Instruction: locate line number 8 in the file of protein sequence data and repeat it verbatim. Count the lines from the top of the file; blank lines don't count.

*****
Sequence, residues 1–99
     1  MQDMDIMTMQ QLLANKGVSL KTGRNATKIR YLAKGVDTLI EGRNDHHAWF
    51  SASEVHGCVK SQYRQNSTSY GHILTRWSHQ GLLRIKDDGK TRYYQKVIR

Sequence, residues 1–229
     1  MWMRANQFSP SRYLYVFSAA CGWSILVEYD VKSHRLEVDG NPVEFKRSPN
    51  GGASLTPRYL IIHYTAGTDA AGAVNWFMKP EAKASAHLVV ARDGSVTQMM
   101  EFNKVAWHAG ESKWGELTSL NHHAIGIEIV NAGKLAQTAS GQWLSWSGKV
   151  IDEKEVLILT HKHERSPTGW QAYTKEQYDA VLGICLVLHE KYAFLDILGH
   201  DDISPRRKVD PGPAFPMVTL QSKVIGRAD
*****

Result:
   151  IDEKEVLILT HKHERSPTGW QAYTKEQYDA VLGICLVLHE KYAFLDILGH